The racecourse in Roscommon has contributed greatly to the economy of Roscommon town and the surrounding areas. It would have been closed in a previous era of rationalisation, however, if it had not been for the intervention of the former Minister, the late, great Brian Lenihan. He has never been given in this House the recognition he deserves for the substantial work he did for County Roscommon. Such credit is also due to other people who served as Deputies for that area. Some of those who represented the Roscommon side of the former Roscommon-Leitrim constituency, for example, might not always have been given the recognition they deserved.
I accept the word of the Minister, who has clarified the matter for me. I appreciate that there are difficulties because bookmakers cannot take bets from those under the age of 18, whereas the tote, which is controlled by the State, can take such bets. I suppose Senator Cummins has introduced a little idea all right. We are in danger of adopting a "nanny state" approach of protecting everybody from themselves. I have been to race meetings at Roscommon, Ballinrobe, Galway and Kilbeggan. Nobody has ever brought this issue to my attention on such occasions. If submissions have been made about this issue, I am sure they have been made to the Minister, but concern has never been expressed to me about a young person going to the races and placing a bet of €1 each way. It is not a big issue. Opposition Members should have more to concern themselves with than this minor affair.
I have complimented the Senator on introducing the Bill, which has been the subject of a great deal of thought and consideration on his part. I am sure the Minister will take into account everything the Senator has said in due course, if this matter comes up for consideration. Where does one draw the line when protecting people?
I am adopting a simple and honest approach. I see young people betting when I go to the races in Roscommon. I am not a gambler — I do not bet at all. I do not understand the suggestion that one will become addicted to gambling if one places a bet of €1. One will normally lose one's bet anyway. One way to ensure one does not become addicted to gambling is to lose one's bets at Roscommon or Kilbeggan races. I do not think the Senator has a case in that regard.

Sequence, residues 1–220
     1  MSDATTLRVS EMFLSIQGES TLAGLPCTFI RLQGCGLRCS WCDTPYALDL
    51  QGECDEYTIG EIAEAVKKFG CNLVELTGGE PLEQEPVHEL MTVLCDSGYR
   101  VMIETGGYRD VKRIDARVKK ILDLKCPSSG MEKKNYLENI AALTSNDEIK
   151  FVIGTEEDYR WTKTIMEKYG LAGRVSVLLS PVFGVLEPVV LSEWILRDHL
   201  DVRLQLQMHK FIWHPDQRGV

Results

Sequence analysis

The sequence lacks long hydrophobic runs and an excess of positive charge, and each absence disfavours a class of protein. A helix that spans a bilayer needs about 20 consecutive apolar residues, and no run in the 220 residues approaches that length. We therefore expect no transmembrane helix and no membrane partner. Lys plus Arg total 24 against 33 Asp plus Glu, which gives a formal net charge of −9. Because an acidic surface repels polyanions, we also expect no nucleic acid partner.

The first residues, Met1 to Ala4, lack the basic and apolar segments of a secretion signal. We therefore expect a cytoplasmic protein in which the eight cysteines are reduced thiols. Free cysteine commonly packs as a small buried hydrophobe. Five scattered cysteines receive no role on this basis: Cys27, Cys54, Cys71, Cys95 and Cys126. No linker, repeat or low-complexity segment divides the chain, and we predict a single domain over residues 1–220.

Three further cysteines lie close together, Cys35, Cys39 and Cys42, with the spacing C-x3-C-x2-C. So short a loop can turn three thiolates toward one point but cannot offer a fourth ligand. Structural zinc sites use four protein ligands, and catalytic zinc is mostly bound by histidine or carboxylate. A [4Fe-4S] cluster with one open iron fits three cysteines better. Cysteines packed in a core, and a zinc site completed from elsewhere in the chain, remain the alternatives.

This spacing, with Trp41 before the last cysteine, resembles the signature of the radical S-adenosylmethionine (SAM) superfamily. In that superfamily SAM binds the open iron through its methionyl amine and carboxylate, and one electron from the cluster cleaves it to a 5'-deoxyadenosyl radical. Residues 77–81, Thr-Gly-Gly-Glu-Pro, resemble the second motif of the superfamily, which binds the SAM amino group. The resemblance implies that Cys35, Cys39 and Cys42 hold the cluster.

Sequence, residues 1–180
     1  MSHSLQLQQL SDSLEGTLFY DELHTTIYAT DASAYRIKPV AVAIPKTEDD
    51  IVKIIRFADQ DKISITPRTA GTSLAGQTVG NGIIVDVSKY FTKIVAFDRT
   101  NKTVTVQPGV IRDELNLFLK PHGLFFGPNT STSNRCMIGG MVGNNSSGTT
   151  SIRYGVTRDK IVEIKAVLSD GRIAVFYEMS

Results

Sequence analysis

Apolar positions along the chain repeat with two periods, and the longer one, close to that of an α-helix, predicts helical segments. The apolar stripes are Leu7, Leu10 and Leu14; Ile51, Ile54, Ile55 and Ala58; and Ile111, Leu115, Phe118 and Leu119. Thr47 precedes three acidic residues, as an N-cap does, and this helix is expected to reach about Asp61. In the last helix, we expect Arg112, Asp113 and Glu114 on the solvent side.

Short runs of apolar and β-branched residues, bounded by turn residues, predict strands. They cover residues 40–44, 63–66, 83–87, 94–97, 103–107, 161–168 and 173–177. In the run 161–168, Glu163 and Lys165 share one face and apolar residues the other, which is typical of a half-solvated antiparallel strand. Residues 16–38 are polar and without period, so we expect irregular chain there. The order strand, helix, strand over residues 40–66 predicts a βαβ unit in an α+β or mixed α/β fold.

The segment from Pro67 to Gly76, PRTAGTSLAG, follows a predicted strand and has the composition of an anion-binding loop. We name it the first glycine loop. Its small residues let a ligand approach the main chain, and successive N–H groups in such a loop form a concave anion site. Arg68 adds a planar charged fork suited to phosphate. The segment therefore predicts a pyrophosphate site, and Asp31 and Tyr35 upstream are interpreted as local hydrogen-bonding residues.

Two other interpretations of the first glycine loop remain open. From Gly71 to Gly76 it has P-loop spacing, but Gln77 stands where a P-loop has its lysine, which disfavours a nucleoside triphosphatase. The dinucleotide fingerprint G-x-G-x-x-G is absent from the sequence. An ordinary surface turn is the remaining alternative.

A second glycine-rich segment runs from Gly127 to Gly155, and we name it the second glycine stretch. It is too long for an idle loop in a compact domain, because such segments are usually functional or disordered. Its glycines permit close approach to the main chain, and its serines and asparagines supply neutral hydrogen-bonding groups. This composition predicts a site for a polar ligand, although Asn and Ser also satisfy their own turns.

It would be hard to implement the regulations and fines provided for in the Bill. If one is working at a busy race meeting with three minutes to go to the start of the next race, it might not be reasonable to expect one to look through the window to determine the age of the person placing a bet.
Yes, that is a very good point.
To be honest, I have no major difficulty with this issue. In fairness to Senator Cummins, he is serious about it and I do not want to detract from his concerns. If tote betting causes people to become addicted to gambling, the Bill must be regarded as meritorious in its approach.
No, I accept that it has merit but it is going a step too far by protecting everyone from everything. It is very hard to put a finger on the central issue of this Bill. It came out of nowhere and I was quite amazed when I received it. I first believed it was a Government Bill and that it was about raising the cost of the minimum bet at race meetings, allocating extra funding to the racecourses or some such issue.
No, but it is contentious if one does not attain agreement. The Senator brought the Bill to the Minister's attention and the Minister, in his wisdom, can consider it. I am in two minds about it. At this point, I intend to vote against it. As far as I know, we will not be accepting it. However, the issue may arise again, in respect of lotteries, for example.
The lottery Act prohibits people under 18 years from participating in the national lottery. I do not know whether this is observed at all locations. The national lottery also poses a risk because it is very addictive. Scratch cards are very addictive.